means for using the device for accepting viewer selection of one of the displayed listings for viewing or recording a television program represented by the listing;

means for accessing the stored blocking criterion from the memory to determine if the program represented by the selected listing meets the blocking criterion;

means for prompting a viewer on the screen to enter a password if the program meets the blocking criterion;

means for receiving and processing an entered password to determine if it is a correct password;

means for modifying the blocking criterion in the memory, responsive to entry of a correct password, to allow the program to be viewed or recorded; and

means for restoring the blocking criterion in the memory after the program is over if the program was scheduled for recording, or after tuning off a previously locked channel upon which the program is being aired."

Claims 2 to 10 according to the third auxiliary request are dependent on claim 1.

XV. Claim 1 on which the decision under appeal was based reads as follows.

"A method of exercising access control over television programs comprising the steps of:

entering a criterion for blocking the television programs from being viewed, where said blocking criterion is any of time, rating, content, and channel;

displaying a plurality of television program listings on a screen;

selecting one of the displayed listings for viewing or recording a television program represented by the listing;

requesting a viewer to enter a password if the selected listing represents a blocked program;

responsive to entry of a correct password, temporarily unblocking the program which has been chosen for blocking so it can be viewed or recorded; and

restoring the blocking criterion after the program is over or the program is no longer tuned to."

XVI. The examining division's reasoning in the decision under appeal reads as follows.

"1. The method of claim 1 is a method of exercising access control over television programs. The method permits entry of a criterion for blocking television programs, the criterion being any of time, rating, content and channel. A program guide is displayed on screen and a viewer may select one of the programs displayed in the guide for viewing or recording. If the program happens to be a blocked program then the viewer is requested to enter a password and then, if the correct password is entered, the program is temporarily unblocked to permit viewing or recording. When the viewer has stopped viewing that program the blocking condition for that program is restored.

2. The claimed method combines the two well-known functions of program guide and access control. The prior art document WO 94/13107 contains extensive disclosure of the use of program guides (see, for example, figure 16a) and refers to "parental lock" at line 24 on page 30, parental lock being a synonym for access control. More detailed information as to access control is given in US 5,382,983.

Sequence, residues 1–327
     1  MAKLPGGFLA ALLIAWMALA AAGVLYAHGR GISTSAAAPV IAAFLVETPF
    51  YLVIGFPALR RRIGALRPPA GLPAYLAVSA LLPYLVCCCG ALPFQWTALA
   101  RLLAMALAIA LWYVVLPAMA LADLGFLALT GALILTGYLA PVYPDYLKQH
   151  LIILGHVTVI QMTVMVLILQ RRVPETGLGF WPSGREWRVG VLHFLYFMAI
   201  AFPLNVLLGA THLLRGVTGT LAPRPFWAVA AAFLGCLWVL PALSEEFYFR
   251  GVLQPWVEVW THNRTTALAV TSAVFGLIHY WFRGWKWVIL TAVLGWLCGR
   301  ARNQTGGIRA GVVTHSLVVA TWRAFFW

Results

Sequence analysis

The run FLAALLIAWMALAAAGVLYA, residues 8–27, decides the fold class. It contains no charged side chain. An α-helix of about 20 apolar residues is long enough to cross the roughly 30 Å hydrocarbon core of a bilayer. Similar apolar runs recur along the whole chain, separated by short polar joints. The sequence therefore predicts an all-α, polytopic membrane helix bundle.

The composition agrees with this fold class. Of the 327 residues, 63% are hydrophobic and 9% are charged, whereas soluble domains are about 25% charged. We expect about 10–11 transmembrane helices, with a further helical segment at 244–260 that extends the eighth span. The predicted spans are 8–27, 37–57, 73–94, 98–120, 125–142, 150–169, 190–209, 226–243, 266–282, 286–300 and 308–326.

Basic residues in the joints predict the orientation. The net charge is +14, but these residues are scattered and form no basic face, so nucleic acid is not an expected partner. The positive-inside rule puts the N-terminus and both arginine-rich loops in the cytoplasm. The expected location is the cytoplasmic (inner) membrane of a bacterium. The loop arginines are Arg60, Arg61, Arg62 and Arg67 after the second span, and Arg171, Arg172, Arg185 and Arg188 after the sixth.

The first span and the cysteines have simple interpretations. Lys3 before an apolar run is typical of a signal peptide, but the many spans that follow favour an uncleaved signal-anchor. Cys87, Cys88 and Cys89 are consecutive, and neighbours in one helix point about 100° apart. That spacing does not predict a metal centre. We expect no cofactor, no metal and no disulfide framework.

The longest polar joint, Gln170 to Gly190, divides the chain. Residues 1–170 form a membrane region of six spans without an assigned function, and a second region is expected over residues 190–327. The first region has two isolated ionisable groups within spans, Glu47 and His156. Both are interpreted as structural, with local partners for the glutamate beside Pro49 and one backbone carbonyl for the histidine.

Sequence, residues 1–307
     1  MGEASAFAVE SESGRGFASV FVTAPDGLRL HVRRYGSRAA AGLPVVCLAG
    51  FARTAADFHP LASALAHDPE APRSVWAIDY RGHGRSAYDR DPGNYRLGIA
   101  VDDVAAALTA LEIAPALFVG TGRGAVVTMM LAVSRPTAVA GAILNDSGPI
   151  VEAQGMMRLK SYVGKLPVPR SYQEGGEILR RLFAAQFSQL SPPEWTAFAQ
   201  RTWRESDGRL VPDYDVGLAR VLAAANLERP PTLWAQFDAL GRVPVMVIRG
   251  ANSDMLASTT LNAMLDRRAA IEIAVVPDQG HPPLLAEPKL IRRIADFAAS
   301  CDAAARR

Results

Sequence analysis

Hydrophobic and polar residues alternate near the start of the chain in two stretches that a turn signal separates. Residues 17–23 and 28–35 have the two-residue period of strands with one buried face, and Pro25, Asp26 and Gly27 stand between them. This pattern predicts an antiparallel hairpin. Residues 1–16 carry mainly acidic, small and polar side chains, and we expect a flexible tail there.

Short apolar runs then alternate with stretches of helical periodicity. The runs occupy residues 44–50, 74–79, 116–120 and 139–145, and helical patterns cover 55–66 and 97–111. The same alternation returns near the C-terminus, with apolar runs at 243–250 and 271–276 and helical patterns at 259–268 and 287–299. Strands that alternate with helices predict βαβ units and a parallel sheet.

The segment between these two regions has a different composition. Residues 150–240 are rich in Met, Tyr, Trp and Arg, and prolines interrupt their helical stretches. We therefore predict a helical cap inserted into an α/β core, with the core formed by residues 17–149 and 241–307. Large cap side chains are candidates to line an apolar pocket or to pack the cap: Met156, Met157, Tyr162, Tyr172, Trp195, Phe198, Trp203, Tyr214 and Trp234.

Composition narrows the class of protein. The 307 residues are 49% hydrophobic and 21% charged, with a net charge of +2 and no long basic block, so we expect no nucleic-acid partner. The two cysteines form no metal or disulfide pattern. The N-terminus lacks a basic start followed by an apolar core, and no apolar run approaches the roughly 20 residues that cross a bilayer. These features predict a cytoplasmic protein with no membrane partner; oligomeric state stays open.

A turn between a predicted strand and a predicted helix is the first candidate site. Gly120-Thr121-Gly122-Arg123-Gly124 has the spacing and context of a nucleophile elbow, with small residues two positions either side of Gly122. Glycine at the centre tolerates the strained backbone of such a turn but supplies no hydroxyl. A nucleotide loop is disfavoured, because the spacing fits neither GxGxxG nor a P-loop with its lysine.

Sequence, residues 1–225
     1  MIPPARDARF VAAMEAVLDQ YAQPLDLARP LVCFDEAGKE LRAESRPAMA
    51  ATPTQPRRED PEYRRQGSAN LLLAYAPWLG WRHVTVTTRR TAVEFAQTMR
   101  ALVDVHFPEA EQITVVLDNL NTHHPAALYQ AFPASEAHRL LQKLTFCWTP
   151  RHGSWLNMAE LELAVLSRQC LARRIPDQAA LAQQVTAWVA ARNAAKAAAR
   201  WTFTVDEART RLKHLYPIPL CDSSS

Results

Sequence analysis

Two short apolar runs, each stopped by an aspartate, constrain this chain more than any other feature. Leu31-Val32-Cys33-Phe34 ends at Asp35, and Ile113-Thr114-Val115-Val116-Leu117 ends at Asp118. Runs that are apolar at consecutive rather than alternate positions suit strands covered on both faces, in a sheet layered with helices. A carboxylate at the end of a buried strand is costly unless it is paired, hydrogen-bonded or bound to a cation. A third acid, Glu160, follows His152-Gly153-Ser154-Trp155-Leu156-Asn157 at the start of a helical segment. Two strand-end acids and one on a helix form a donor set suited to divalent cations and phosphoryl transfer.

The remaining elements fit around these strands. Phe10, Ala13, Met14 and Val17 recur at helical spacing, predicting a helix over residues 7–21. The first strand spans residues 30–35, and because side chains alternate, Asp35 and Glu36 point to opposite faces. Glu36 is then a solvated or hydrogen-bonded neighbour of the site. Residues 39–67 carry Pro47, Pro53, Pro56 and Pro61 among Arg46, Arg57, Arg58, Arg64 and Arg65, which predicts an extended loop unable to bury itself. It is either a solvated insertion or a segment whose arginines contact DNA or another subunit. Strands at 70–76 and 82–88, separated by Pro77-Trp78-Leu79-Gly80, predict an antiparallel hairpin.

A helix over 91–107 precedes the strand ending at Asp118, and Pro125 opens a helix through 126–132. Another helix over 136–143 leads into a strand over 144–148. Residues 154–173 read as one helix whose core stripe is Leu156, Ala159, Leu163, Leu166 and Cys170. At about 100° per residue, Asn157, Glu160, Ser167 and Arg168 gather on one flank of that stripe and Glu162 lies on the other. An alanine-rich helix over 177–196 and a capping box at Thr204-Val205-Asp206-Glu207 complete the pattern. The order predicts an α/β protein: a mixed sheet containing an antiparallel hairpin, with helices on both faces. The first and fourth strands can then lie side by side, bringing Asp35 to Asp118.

3. The examining division is of the view that where a viewer uses a program guide to select a program or channel then it is self-evident to the skilled person that if that program or channel has been blocked then the TV set will not display that program or channel. What it will do is ask the viewer for a password and if the correct password is entered the TV set will then display the selected program or channel. It is also considered self-evident to the skilled person that once that program or channel is no longer being viewed then the blocking function will come back into operation to prevent a child or other unauthorised person viewing a program or channel after a parent or other authorised person has stopped viewing that program or channel. That, in essence, is the method of claim 1. The claim specifies that the blocking criterion may be any of time, rating, content or channel and US 5,382,983 specifically discloses blocking on the basis of channel or time (see figure 10 and also column 3 at lines 48-51). The US document also discloses, e.g. at column 4, lines 33-40 and in figure 7, the use of a password for blocking and unblocking program material, though it uses the expression "identification code" instead of "password". The division is therefore of the view that the method of claim 1 is merely the combination of two well-known functions, the use of a program guide as exemplified by WO 94/13107, and access control, referred to in WO 94/13107 and described in more detail in US 5,382,983, the combination functioning exactly as the skilled person would expect it to function. The division is therefore of the view that the subject matter of claim 1 lacks inventive step. Independent apparatus claim 12 corresponds exactly with the method of claim 1 and so the subject matter of claim 12 is also considered to lack inventive step."

XVII. The appellant essentially argued in writing as follows.

Sufficiency of the evidence in the contested decision

The examining division refused the patent application on improper grounds as it offered insufficient evidence in support of its "view" that certain features of claims 1 and 12 were self-evident to the skilled person. The examining division failed to demonstrate that claims 1 and 12 were either anticipated by or obvious in view of the cited prior art and, thus, the division's "view" as to certain features of the claim being self-evident was entirely unsubstantiated. For this reason alone, the decision was improper and should therefore be set aside in its entirety.